Australia’s venture capital sector has faced a series of challenges, namely the global financial crisis and retraction from the superannuation sector. Still, emerging industries like the cleantech and biomedical sectors signal promising growth for venture capital firms. Chief executive of the Australian Private Equity & Venture Capital Association (AVCAL) shares her thoughts on the current state of Australian venture capital.
MM: What trends are you tracking in the Australian venture capital industry at the moment? Are they fleeting, or can we expect to see them for awhile?
KW: Since FY 2007, venture capital (VC) fundraising has seen consecutive y-o-y declines in FY2008, FY2009 and FY2010. VC funds in FY2010 raised $168m – a large portion of this amount was raised as part of the Innovation Investment Fund (IIF) and the Innovation Investment Follow-on Fund (IIFF) rounds. Fund raising in this sector is getting increasingly difficult. The global financial crisis is partly to blame as it is more difficult now to sell assets, and assess fund performance based on market value for the purposes of raising a subsequent fund. Additionally, the growing Australian superannuation sector (the biggest investor in VC) is retracting from the VC sector partly due to their increasing inability to write smaller cheques.
VC investment based on the number of transactions has seen steady growth over the last three financial years, however, investment figures based on equity dollar value and number of companies has been relatively stable.
It can be inferred from the above data that VC funds are investing more in their existing portfolio companies in hopes to maintain them at a going concern status before an eventual exit rather than investing in new investments. The trend observed in FY2009, FY2010 saw 65% of total VC investments in the form of follow-on funding. The average VC investment tranche continued its decline from FY2008 when it was $1.8 million, to just under $1 million in FY2010.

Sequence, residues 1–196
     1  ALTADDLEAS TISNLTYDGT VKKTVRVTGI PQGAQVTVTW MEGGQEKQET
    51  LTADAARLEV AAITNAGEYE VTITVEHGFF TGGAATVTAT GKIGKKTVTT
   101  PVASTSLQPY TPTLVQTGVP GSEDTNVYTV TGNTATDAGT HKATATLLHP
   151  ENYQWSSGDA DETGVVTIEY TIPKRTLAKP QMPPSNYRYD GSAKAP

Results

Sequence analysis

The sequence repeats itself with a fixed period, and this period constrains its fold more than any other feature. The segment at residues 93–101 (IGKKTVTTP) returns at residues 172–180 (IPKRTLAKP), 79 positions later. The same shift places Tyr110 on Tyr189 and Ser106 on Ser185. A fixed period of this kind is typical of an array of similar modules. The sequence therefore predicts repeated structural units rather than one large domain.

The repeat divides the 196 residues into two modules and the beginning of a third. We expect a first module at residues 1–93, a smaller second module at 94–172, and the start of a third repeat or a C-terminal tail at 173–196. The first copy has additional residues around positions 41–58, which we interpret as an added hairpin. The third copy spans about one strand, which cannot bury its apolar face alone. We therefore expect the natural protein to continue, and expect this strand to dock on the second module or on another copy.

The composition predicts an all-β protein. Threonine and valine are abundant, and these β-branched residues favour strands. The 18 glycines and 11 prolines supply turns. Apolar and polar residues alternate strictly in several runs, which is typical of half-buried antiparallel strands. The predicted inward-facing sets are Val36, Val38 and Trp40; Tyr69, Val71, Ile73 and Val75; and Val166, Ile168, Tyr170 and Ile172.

MM: What are the greatest challenges that venture capital firms face in 2011?
KW: Venture Capital is a very specialised and high risk sector. VC investments are long-term in nature with only a modest amount of collateral involved. Successful Venture Capital investments have had immense follow-on effects over the long-term such as job creation, tax revenue, and the other broader economic effects. One of the greatest challenges facing the Australian Venture Capital sector is the shortage of capital. Over the past decade, VC funds have raised capital from superannuation funds, endowments, and the Government.
However, going forward, superannuation funds are reducing their allocation to VC and the Government funds that invest in VC funds are on their last leg. Funding concerns have been further exacerbated by the withdrawal of the government’s ‘Commercial Ready’ innovation grant funding programme at the end of FY08, which provided an important source of funds to the industry. With increasing budgetary constraints in both the private and public sector, Australian Venture Capital funds are going to find it difficult to raise capital in the coming years.
MM: How can start-up companies be assured they are choosing the right investor?
KW: The partnership between a venture capital firm and its portfolio company is a long and critical relationship. Both parties need to have a clear and realistic set of expectations. Venture capital firms are investing capital that they have raised from investors such as superannuation funds. Venture capital firms have finite resources, capacity and time in which to source potential investments, conduct due diligence, invest, grow and exit the investment.
MM: What are some of the greatest success stories in Australian venture capital?
KW: Some of the most high-profile Australian Venture Capital-backed success stories have been Resmed, Cochlear, SEEK, Look Smart, Pharmaxis, Peplin, and Gekko Systems.
The AMWIN fund is an international partnership between CHAMP Ventures and the Walden International Investment Group. It is also an Australian government licensed Innovation Investment Fund. The AMWIN fund is one of the world’s best performing funds with a fund IRR over a 1000%.
MM: What emerging industries are currently seeking capital?
KW: Australian Venture Capital funds mainly invest in life sciences and ICT. More recently Australian VC funds have also moved into the cleantech sector.
Looking forward, we anticipate that the healthcare and life sciences, and energy and environment sectors are likely to be key areas of focus among VC investors.